AH: I love talking to people about music because they naturally put me on to stuff. Also, I tend to look at liner notes pretty carefully, and if I see a particular musician on one album, I might follow them to another and discover new stuff.

PH: That’s what you do. The streaming culture has managed to remove liner notes from our everyday discussion, unfortunately, like metadata. Arwen Lewis is the daughter of Peter Lewis of Moby Grape, a guitar player, and I think he plays on her record, too. When I pulled up the picture to play on my car radio, the picture was of Aaron Lewis of Staind, which is about 180 degrees from her record. The same thing happened with Beach Bunny, pulling up a picture of The Beach Boys with a giant, bearded Brian Wilson face. Nobody’s paying attention. No one’s hand is on the tiller, and it’s a shame.

I think of the hours that I spent reading the liner notes to The Kink Kronikles over and over again. Or The Best of The Move, or Split Ends. I absorbed all that shit. I can’t balance a checkbook, I don’t even know if I’ve got burial insurance, but I can tell you everyone who played on John Mayall’s Blues records for about 15 years. I’m not the greatest guy at a cocktail party but get me to a tribute night and I’ll wipe the floor with you.

AH: How did you choose which songs to play that night at the reunion concert?

PH: For Rittenhouse, we did two songs from the Record, “Like Wow” and “King Battle of the Bands.” We also did the Wishbone Ash song and “Hot Smoke and Sassafrass,” because those were the songs we did back in the day. For Little Diesel, we knew we had to do “Kissy Boys” because you have to do “Kissy Boys” at a Little Diesel concert. That was sort of our anthem. We also played “Hollywood Swinging.” Little Diesel was our senior year in high school band, and we all thought we’d go on to UNC Chapel Hill [to college], but I was the only one who got in. So they all went on without me and they got Mitch and Chris in the band.

All of this is available on the No Lie record that was put out on Tellstar some years ago. It’s a great thing. All of this was recorded in Chris’s bedroom with little 6 inch champ amps which he had mounted on the wall. There were five of us in there in a suburban bedroom making a noisy Punk record. In the set, we tried to do stuff that we had done in the band, and even though I wasn’t in Little Diesel when they recorded “Hollywood Swinging”, we all went to the fairground and saw it played live by Kool & the Gang that summer anyway.

AH: I was going to ask how you got turned on to their music.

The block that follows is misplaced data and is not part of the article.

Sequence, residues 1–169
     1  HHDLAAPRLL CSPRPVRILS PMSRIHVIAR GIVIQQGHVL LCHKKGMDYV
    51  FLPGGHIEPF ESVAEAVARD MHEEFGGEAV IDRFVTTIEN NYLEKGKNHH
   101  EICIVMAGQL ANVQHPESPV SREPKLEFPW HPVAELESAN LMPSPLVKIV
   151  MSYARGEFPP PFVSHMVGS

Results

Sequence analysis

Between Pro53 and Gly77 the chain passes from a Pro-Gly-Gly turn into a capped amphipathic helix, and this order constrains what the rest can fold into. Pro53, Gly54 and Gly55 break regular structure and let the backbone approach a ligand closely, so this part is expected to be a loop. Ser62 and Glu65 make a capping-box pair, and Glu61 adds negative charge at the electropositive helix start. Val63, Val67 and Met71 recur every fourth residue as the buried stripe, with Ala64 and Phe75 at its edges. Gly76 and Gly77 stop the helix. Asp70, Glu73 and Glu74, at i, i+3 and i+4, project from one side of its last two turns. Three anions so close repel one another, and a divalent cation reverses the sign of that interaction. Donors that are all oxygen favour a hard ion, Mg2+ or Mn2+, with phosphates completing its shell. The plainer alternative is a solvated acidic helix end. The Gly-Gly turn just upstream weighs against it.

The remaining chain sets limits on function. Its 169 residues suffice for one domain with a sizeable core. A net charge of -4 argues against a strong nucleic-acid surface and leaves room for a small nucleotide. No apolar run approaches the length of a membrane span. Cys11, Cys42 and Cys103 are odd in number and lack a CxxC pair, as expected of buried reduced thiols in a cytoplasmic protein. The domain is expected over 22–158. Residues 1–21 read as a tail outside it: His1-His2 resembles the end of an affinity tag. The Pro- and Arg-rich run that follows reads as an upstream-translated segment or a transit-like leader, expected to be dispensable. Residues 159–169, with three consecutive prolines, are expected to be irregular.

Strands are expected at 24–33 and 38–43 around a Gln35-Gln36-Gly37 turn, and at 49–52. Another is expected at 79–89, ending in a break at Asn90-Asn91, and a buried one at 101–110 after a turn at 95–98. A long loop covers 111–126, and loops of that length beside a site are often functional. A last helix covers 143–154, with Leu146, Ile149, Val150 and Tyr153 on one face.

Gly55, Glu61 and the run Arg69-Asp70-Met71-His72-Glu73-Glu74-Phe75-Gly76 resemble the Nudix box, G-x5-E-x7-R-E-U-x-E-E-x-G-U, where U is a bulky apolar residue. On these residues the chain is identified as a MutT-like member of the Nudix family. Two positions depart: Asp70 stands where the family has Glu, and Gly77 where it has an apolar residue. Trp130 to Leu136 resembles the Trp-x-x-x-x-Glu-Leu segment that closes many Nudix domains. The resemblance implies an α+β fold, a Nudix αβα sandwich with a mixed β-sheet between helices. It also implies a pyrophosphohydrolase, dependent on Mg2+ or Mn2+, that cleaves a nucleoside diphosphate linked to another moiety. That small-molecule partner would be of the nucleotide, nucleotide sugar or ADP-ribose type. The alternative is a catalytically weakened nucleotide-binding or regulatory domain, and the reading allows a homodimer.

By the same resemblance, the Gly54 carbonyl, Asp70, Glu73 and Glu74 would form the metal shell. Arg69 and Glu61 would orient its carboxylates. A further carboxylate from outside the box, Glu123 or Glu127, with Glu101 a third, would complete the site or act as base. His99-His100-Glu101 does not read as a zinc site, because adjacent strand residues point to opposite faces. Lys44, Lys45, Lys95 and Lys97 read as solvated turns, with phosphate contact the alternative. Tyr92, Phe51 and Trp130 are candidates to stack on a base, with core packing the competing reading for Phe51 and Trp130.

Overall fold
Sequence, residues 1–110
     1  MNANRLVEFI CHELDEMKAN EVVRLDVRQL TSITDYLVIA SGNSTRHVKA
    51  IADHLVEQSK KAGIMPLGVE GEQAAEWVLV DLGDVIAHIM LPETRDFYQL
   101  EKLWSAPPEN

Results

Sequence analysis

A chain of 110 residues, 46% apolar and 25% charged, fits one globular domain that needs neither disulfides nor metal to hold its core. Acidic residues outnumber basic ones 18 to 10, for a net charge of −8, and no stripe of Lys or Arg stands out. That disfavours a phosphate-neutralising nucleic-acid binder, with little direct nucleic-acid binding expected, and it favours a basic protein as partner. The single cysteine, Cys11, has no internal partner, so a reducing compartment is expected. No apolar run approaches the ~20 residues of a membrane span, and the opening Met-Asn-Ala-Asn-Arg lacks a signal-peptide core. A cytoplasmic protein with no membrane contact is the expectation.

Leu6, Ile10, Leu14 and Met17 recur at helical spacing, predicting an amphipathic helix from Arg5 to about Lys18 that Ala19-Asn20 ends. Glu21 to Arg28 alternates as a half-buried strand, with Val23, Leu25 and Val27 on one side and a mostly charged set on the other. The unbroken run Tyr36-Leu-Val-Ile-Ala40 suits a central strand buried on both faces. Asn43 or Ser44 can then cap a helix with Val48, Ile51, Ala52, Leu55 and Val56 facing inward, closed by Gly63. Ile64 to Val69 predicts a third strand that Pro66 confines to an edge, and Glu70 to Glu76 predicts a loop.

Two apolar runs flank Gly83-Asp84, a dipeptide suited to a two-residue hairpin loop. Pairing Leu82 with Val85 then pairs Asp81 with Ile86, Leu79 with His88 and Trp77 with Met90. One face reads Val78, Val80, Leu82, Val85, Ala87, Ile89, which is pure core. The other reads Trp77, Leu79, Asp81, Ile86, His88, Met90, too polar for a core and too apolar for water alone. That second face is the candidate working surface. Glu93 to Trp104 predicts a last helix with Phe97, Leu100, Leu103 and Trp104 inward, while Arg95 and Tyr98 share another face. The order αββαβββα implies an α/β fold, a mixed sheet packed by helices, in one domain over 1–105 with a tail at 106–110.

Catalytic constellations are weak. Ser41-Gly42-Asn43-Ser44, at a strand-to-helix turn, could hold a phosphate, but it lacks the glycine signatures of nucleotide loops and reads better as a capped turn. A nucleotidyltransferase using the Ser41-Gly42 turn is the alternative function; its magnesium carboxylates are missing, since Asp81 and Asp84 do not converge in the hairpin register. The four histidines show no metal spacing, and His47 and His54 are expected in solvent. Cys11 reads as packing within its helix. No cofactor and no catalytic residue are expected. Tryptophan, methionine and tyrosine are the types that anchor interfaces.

PH: “Jungle Boogie” and “Hollywood Swinging” was all over the radios in Winston-Salem. We had good radio stations and we listened to everything. We continued on with that message at the Ramkat show, and I hope that people will listen to these disks and say, “Okay. Yeah.”

AH: We were talking about liner notes, and actually this release comes with a really excellent booklet with photographs, histories, and liner notes.

PH: And a website now too! People are filling in the blanks. I’m going to try to write something. We want to celebrate this. I hope people in Winston-Salem and throughout North Carolina see this as an opportunity to look at what we did and see the interrelationships there with music there now. That’s important stuff.

AH: I heard about the Record Store Day release that you have coming up with Chris called Our Back Pages. I know that’s dBs songs that have been translated into acoustic versions.

PH: Yes, it’s a little bit more quiet than a dBs record. It doesn’t have that reckless age 20 energy. We’ve been doing duo performances for years, and we recorded a bunch of these songs a few years ago at Chris’s studio. We actually put this out as a download a couple of years ago as a benefit record. Now Omnivore has put it out on vinyl, so there’s a nice 12-inch record which I’ve actually played a copy of, and it sounds wonderful. There’s also a CD coming along eventually with a couple of extra tracks.

AH: I heard that these songs, particularly, were chosen because you felt that they stood up to the translation well and cast new light on things.

PH: Agreed. The essence of a good song is if you can just sing it, and it still sounds good, or if you can just hear the bassline and it still sounds good. A lot of people find that when they try to do stuff acoustically, it can’t always be done. It’s good that we were able to find a bunch of stuff to do. I’m really happy with that record and I like it a lot. I hope that a lot of shops will stock it on Record Store Day and people will find it.

Enjoy our earlier interview of Peter Holsapple here:  Interview: Peter Holsapple Identifies as an “Omnicana” Musician, Talks About Model Cars, His Concept Album, and the Disappearance of Credits  Find Peter Holsapple’s music here: http://omnivorerecordings.com/peter-holsapple/